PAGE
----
It is one of the great investing secrets...
It doesn't get much attention, partly because it doesn't have a catchy name, but it's the key factor that helps the rich get richer.
I'm talking about compounding your dividends.
I know, I know... it's not the sexiest thing to talk about. And it's definitely not what most investors want to hear.
But rather than send you off chasing the latest fad in the market, we believe in telling our readers the truth about what it takes to be successful in the stock market over the long haul.
The truth is that dividend payments generated by a modest investment might seem inconsequential at first, but through the magic of compounding, it won't take long before they can begin to make a dramatic impact.
You see, when you buy shares of dividend-paying stocks, the dividends they pay can be used to purchase more shares, leading to increasingly larger dividend checks. These larger checks can then be used to buy even more shares and so on. In time, even a small stake in such stocks can grow into a tidy sum.
Let me show you just how powerful dividend compounding can be.
Let's say you buy 1,000 shares of XYZ Corp for $10 each -- that's $10,000 invested. If XYZ pays a 5% dividend yield, you would expect to receive $500 in dividends in the first year.
Now, rather than simply pocketing that $500, imagine if you purchased 50 more shares instead.
Of course, those 50 new shares would then generate dividend payments of their own.
So if you reinvested your dividends and left your investment alone for the second year, your 1,050 shares would generate a little more than the first year -- $525 in dividends.
If you reinvested those dividends to buy 52 more shares for the third year, your 1,102 shares (1,000 + 50 + 52 = 1,102) would pay you even more -- $551 in dividends.
Fast forward through 30 years of dividend reinvestment and your original 1,000 share stake in XYZ would have more than quadrupled to 4,322 shares.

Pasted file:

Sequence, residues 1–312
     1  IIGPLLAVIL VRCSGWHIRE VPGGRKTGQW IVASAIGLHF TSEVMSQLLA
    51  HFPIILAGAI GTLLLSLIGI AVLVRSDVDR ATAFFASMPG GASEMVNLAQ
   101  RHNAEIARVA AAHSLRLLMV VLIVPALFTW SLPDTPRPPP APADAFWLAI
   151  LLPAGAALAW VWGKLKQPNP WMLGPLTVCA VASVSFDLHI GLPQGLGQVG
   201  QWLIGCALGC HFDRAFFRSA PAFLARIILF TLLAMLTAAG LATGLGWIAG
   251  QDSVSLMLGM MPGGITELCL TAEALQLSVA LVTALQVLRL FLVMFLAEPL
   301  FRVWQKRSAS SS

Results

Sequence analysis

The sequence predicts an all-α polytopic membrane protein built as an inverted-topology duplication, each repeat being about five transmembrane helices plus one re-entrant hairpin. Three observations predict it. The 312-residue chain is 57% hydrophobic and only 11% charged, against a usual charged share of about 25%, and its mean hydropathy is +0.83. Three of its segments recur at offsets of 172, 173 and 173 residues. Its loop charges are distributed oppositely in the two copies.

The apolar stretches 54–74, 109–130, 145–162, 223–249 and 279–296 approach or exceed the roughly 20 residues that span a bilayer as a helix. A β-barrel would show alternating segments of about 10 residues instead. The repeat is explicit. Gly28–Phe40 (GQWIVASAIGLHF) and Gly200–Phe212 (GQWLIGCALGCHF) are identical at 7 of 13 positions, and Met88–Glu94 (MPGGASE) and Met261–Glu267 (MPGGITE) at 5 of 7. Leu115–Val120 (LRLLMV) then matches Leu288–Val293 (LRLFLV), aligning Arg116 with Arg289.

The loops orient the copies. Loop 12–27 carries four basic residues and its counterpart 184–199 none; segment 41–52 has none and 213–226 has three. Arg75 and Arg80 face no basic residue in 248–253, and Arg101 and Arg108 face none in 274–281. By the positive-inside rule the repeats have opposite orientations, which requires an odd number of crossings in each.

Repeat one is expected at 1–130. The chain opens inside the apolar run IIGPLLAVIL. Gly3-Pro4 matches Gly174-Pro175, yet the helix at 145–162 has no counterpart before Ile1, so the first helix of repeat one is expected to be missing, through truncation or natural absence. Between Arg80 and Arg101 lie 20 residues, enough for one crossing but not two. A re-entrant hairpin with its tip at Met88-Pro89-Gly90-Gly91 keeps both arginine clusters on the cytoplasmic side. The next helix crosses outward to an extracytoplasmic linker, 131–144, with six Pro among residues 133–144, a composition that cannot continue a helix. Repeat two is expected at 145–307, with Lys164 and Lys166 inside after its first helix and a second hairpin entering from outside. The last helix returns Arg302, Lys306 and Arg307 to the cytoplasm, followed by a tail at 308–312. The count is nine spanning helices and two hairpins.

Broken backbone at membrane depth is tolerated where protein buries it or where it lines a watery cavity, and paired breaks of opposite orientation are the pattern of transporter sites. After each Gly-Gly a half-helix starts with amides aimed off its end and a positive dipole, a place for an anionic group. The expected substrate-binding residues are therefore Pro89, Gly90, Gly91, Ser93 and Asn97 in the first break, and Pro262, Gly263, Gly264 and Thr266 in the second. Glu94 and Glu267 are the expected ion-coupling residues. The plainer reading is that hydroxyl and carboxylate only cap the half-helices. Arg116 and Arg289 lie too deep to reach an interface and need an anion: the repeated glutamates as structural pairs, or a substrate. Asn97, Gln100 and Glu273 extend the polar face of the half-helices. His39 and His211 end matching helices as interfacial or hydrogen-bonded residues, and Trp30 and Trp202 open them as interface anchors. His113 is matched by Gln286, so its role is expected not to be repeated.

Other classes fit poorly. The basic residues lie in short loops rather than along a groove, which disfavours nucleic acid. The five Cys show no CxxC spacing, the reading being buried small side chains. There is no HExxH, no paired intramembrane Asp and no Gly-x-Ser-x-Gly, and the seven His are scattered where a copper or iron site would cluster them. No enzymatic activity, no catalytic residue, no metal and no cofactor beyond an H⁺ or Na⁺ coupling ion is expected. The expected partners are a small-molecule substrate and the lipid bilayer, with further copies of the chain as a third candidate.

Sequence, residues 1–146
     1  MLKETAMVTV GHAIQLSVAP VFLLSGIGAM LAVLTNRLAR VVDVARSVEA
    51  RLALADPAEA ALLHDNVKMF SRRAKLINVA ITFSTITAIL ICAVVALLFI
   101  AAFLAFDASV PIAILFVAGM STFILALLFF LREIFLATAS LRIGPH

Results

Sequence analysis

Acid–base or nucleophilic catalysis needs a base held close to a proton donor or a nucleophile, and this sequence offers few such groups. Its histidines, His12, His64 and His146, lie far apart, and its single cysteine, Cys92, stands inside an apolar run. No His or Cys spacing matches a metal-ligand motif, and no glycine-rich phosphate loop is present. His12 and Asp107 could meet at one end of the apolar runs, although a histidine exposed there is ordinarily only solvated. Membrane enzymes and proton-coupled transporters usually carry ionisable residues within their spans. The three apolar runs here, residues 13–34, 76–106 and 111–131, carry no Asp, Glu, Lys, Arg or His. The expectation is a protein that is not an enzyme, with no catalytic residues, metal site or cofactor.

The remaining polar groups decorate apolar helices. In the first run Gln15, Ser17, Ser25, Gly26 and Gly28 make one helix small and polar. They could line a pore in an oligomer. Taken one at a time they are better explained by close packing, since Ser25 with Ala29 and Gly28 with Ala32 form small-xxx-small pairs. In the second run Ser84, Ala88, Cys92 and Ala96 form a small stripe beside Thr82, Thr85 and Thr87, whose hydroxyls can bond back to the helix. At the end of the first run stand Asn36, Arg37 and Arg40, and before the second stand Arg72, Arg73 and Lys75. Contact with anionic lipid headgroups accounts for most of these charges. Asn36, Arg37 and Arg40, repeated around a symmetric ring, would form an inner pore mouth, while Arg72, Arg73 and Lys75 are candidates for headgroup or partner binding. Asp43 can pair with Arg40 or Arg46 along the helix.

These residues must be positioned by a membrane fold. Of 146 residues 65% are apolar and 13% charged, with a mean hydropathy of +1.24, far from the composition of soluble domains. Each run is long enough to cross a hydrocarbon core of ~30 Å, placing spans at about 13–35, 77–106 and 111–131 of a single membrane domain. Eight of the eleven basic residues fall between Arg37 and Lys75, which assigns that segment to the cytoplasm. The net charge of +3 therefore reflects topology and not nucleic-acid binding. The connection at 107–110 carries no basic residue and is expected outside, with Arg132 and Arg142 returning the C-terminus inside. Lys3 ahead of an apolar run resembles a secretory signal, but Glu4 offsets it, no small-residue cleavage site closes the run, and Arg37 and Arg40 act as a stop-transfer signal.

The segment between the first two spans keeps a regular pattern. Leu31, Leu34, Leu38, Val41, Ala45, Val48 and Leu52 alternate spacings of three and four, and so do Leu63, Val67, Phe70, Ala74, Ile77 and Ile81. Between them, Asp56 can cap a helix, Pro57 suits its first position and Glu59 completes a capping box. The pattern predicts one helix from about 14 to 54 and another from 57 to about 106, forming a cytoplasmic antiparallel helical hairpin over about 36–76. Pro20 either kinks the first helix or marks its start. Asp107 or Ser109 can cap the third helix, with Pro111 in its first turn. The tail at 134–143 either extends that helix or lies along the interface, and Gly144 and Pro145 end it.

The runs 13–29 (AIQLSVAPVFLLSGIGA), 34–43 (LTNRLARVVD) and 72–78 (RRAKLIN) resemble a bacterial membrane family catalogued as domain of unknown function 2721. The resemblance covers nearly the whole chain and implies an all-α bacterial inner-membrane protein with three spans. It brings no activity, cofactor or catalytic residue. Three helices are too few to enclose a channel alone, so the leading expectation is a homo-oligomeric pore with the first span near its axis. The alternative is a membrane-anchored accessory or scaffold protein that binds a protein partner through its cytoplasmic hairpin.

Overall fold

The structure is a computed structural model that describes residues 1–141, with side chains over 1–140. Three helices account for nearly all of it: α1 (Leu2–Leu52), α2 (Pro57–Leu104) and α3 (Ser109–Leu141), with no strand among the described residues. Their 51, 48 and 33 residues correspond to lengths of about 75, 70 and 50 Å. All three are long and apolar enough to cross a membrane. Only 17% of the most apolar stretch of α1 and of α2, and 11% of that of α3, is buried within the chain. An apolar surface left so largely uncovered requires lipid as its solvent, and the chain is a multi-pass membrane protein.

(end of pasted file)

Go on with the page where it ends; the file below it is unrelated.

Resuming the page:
Of course, that's a simplistic example. You would hope your shares would gain value over time rather than just stay at $10 per share.
So to complete this example, let's say XYZ's stock price gains 8% per year since your original $10,000 investment and you reinvested your dividends every year. How much would you make?
As the chart below shows, this steady compounding process can yield amazing results over the long haul.
As you can see, your original $10,000 investment would have swelled to more than $391,000, without ever adding another penny!
But what would have happened if you didn't reinvest dividends? The stock would still be worth about 10 times more than what you paid, thanks to capital gains. But without any reinvestment you would have only collected a measly $15,000 in dividends and you'd be left with the same 1,000 shares.
Granted, this is just an example, but the results are clear. Successful investing for the long haul is really nothing more than a game of compounding by earning a consistent return and reinvesting your profits back in the market over and over again. There are no shortcuts.
But here's the fun part... When your portfolio is large enough, you can stop reinvesting and live off the dividends as a second income.
It's worth pointing out that at the end of the 30-year period, the $391,000 portfolio would be generating annual dividend payments of roughly $19,550 (5% dividend yield X $391,000 = $19,550). In other words, your annual dividend income alone would amount to nearly twice your initial $10,000 investment.
Compounding gives you more time to enjoy life. You don't have to be glued to CNBC or your computer screen, looking for the next "hot" stock. And you don't have to worry about what's going on in China or Russia -- your portfolio remains largely unaffected.
The magic of compounding is most powerful when an investor focuses on established companies that throw off a steady stream of dividends. Simply find dependable companies that pay steadily rising dividends, reinvest your payments, and let the math take care of the rest.
That's why I'm telling readers of my High-Yield Investing newsletter about 23 American companies I've found that have unlocked their private pension plans to non-employees. These little-known "Second Income Plans" harness the power of dividend compounding to maximize returns over time. And unlike traditional retirement plans, they don't require you to wait until retirement age to withdraw from them. To learn more, I invite you to view this brand-new report.